John Davison Rockefeller is a man of many mysteries, some argue that he is a
vicious, cold-blooded, money-crazed politician, while others view him as an evangelical
philanthropist. Determining his contribution to America would be like saying: " Hitler
may have killed off 6 million accounted Jews, but he still helped the cause of millions
and millions of Germans." Or like saying, "Nike sets up sweatshops but we get shoes
cheap." J.D Rockefeller did much for this world but only so that he could receive it
tenfold, would that then be considered philanthropy or propaganda?
John Davison Rockefeller was born to William Avery Rockefeller and Eliza
Davison in Richford, New York July 8, 1839. In 1853, at the age of 15, John entered high
school in Cleveland, Ohio. He left high school in 1855 to take a 6-month business course
at Folsom Mercantile College, which he completed in 3 months, and 6 weeks after, was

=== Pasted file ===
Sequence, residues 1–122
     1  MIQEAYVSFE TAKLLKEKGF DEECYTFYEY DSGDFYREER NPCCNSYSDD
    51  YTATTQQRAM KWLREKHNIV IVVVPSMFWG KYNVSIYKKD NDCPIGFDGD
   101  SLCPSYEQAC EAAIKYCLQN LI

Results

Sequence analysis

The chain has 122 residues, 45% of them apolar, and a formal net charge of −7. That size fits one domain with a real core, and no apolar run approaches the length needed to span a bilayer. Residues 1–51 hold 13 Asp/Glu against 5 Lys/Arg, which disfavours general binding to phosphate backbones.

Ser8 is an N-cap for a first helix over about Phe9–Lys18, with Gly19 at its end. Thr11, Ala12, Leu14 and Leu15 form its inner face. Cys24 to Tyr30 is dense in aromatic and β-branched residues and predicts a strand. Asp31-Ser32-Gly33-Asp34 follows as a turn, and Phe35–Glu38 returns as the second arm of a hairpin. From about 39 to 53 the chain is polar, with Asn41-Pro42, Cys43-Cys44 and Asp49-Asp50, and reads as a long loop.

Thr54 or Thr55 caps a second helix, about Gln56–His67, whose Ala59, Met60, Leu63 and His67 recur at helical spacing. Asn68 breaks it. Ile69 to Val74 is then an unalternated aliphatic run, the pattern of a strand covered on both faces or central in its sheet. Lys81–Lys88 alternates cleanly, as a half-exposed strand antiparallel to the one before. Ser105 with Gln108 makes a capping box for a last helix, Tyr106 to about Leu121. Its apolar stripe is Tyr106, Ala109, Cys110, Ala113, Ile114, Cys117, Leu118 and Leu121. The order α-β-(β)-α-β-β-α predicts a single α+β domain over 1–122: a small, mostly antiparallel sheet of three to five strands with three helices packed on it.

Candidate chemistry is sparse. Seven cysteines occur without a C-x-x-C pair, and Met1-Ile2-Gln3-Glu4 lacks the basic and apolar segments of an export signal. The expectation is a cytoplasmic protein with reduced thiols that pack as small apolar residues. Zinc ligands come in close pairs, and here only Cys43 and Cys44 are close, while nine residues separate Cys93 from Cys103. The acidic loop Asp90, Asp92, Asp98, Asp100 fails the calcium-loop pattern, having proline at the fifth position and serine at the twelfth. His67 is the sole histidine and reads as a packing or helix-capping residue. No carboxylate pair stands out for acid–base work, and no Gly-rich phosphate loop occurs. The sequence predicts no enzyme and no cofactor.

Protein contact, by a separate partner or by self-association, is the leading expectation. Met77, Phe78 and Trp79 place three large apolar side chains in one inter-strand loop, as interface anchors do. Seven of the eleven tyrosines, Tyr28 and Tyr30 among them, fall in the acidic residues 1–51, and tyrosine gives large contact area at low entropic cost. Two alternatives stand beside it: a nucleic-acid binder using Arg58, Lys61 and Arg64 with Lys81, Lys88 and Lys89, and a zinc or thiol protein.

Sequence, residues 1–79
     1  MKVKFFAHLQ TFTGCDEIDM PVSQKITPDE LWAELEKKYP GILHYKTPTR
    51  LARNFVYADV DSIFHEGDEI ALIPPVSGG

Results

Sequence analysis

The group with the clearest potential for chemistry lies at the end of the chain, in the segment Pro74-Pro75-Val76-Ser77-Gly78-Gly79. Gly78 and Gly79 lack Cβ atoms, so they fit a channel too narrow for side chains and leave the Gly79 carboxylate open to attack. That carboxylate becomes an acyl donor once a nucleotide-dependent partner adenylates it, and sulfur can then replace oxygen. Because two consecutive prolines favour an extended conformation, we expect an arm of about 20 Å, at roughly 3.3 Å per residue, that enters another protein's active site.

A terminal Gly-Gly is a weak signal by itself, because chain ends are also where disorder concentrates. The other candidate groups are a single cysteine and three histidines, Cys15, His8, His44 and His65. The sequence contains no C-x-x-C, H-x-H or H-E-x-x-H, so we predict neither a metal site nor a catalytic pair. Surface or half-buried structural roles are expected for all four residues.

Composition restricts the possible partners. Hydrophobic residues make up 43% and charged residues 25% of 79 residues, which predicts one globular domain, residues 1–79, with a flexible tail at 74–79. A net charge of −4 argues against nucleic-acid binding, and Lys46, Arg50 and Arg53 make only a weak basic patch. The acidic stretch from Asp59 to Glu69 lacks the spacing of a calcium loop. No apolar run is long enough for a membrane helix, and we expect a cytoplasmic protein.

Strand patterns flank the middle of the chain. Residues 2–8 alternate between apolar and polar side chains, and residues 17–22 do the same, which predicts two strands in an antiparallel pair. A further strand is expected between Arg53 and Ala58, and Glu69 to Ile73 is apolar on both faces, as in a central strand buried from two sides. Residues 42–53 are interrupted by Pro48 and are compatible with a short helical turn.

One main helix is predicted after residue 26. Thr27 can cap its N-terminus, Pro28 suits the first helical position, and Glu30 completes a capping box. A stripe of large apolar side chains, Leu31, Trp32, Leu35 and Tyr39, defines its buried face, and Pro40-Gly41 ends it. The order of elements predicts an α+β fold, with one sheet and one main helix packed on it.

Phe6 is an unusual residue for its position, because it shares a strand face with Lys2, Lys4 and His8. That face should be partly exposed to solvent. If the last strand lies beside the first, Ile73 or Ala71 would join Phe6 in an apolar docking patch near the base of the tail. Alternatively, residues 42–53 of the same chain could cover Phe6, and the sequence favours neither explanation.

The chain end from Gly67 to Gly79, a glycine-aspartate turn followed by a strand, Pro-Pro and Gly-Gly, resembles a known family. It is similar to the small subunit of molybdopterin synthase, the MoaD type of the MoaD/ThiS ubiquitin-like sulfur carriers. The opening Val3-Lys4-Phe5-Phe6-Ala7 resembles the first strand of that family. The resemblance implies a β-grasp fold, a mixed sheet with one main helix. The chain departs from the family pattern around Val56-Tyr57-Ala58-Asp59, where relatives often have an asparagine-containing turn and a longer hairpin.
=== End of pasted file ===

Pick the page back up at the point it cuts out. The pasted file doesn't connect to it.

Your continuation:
hired by Hewitt & Tuttle as an apprentice bookkeeper.
John and his comrade Maurice
Clark decided to leave Hewitt and Tuttle in 1859 and formed a produce commission
Business (vegetable imports.) It wasn't until 1863 though that Rockefeller had made his
mark, when he invested in an oil refinery with chemist, Samuel Andrews.
Rockefeller married Laurie Celestia Spelman on September 8, 1864 in Cleveland.
Rockefeller and his wife produced 5 children:
The eldest daughter, Bessie (1866-1906), married Charles Strong, a philosopher.
The second daughter, Alice (1869-1870), died in infancy. Alta (1871-1962), married E.
Parmalee Prentice, a lawyer. The youngest daughter, Edith (1872-1932), married Harold
Fowler McCormick, a friend of John, Jr., and son of Cyrus McCormack, inventor of the
mechanical harvesting reaper. His only son, John D., Jr. (1874-1960), married the
daughter of the most powerful leader in the Senate, Nelson W. Aldrich, and eventually...